Maria says that she is not only campaigning to bring back her family members. She wants to prevent more Russians being called up and sent to the front line.
“We do not want a second wave of mobilisation,” she says. “We’re against civilians being used in a military conflict. And we want all Russian citizens to understand this could affect them, too.
“Some people act like ostriches. They stick their heads in the sand and try not to think about what’s happening. I can understand them. It’s hard to accept that, in your country, the state doesn’t need you to be happy – it just treats you as biological material. But if people want to survive, sooner or later they need to recognise this and say that they don’t agree.”
How likely is a “second wave” of mobilisation in Russia? Last December President Putin appeared to rule it out – for now. Live on Russian TV the Kremlin leader claimed that in 2023 the Russian authorities had managed to recruit nearly half a million volunteers to fight in Ukraine.
“Why do we need mobilisation? As things stand there is no need,” the Kremlin leader concluded.
Of course, “as things stand” doesn’t mean “never going to happen”. Situations can change.
For example, in March 2022 President Putin declared: “Conscripted soldiers are not participating and will not participate in the fighting. There will not be an additional call-up of reservists, either. Only professional soldiers are taking part.”
“Partial mobilisation” was announced six months later.
To raise awareness Maria and other wives of mobilised reservists have started a new tradition. Every Saturday they don white headscarves and travel into the centre of Moscow. Near the Kremlin walls they lay flowers at the Tomb of the Unknown Soldier. Red carnations are placed by the Eternal Flame. It is their form of peaceful protest.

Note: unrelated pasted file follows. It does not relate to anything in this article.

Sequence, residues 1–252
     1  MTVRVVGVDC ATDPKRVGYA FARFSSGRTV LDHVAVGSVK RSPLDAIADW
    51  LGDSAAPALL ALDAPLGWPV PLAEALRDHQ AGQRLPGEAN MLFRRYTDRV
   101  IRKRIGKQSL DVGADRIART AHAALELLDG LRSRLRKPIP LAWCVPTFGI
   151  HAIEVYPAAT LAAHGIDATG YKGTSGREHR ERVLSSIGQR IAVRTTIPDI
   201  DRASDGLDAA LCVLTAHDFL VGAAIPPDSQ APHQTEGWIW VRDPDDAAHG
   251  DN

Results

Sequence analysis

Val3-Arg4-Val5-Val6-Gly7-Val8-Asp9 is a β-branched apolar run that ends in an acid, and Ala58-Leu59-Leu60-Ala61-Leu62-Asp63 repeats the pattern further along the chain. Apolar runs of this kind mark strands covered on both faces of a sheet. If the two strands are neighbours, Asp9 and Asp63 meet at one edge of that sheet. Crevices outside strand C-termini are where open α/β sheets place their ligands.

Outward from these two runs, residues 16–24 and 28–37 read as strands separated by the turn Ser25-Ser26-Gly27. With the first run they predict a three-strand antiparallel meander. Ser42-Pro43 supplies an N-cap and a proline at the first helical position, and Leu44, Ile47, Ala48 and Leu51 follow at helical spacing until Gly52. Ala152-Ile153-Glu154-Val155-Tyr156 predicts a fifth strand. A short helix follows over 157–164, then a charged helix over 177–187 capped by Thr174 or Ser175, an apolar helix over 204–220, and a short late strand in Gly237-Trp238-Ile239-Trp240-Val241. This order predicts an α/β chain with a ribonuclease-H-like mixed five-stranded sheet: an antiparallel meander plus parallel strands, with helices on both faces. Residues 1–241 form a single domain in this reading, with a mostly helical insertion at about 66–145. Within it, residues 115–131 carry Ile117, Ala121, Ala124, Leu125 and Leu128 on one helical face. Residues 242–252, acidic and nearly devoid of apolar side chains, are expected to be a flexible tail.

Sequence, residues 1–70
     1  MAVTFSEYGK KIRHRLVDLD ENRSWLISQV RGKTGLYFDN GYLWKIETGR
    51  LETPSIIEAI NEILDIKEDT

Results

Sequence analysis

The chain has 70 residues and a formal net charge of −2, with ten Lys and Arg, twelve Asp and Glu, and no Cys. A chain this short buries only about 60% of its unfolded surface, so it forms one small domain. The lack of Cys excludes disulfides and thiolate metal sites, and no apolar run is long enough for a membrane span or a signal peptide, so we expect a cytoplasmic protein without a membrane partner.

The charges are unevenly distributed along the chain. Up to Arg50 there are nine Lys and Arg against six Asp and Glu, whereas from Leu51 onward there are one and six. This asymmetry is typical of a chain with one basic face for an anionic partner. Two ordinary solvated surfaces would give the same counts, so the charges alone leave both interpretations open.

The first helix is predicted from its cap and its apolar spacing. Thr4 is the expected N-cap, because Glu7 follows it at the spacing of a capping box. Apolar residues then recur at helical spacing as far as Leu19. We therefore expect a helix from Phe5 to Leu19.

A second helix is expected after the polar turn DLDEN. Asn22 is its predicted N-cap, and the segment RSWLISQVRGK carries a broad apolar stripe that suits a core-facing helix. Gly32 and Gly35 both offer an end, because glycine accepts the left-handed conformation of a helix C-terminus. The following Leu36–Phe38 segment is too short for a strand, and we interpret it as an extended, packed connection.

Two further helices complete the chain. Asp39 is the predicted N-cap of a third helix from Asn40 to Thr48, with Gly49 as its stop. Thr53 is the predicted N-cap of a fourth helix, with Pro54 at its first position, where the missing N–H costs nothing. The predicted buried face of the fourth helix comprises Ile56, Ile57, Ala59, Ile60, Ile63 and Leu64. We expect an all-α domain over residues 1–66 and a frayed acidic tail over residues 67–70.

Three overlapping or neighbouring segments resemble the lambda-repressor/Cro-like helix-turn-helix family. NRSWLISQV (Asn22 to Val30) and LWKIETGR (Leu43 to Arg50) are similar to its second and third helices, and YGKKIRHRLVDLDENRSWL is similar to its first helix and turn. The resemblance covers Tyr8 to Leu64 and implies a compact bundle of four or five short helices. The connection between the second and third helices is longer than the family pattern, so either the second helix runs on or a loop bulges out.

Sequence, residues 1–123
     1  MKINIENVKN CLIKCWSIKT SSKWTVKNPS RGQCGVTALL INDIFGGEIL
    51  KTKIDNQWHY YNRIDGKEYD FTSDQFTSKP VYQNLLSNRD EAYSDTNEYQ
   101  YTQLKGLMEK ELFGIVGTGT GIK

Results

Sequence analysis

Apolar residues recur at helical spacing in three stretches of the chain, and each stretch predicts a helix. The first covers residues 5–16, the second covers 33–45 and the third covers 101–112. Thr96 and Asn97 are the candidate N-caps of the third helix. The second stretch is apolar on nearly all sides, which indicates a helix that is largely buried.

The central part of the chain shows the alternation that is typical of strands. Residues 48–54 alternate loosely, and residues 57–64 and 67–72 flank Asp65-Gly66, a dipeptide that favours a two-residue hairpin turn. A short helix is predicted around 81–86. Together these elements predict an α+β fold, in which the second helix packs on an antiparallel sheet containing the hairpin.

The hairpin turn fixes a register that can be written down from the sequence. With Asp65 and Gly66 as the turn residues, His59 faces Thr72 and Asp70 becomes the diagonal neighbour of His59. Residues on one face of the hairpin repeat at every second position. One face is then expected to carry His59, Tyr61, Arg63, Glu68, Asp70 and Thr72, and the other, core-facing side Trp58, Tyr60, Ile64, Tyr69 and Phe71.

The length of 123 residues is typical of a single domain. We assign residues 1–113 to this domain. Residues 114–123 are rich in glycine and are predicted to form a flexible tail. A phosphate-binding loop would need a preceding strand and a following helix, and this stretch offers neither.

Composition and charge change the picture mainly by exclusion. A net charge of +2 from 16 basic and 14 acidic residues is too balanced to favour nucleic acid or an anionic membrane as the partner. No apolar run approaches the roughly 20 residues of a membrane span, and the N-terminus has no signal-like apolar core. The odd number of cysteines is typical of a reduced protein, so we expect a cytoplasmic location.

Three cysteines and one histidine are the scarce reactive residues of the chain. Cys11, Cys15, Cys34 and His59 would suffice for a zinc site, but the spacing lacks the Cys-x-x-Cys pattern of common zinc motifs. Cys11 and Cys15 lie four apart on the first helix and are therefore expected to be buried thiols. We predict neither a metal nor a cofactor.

On its Telegram channel The Way Forward explains that these flowers are for honouring “the lives of loved ones. To honour the memory of those killed in all wars. To honour the memory of our guys.”
The group also believes that flower-laying is a way of saying “never again”.
But how aware is Russian society? How much interest is there from the public in what the families of mobilised reservists are saying? Antonina says that since her partner was drafted, she hasn’t felt much support from those around her. When he received his call-up papers in October 2022, he’d asked friends to keep an eye out for Antonina.
“They invited me to celebrate new year with them a year ago,” she says. “But all evening they kept telling me that my husband was a total mug for going there [to Ukraine].”
Antonina claims that, despite being diagnosed with stomach ulcers, her partner was deployed to an assault unit in Ukraine. She says that he telephoned her on 4 December.
“He was crying. He was frightened. It sounded like he was saying goodbye.”
She says he called again on 13 December. That was the last time she heard from him. Antonina says she’s since been told that her partner was wounded in action.
“There are some people who want to fight. Who volunteer for it and sign contracts,” Antonina says. “Let them fight. But send us back our husbands who don’t want to be there. They’ve done their duty to the motherland. Send them home.
“I used to have enormous respect for Vladimir Putin. Now I’m more neutral. I still find it hard to believe that he knows this kind of thing is happening. But if he really does see us as traitors and outcasts for wanting our husbands back, I don’t understand why he’d have this attitude towards citizens who once voted for him.”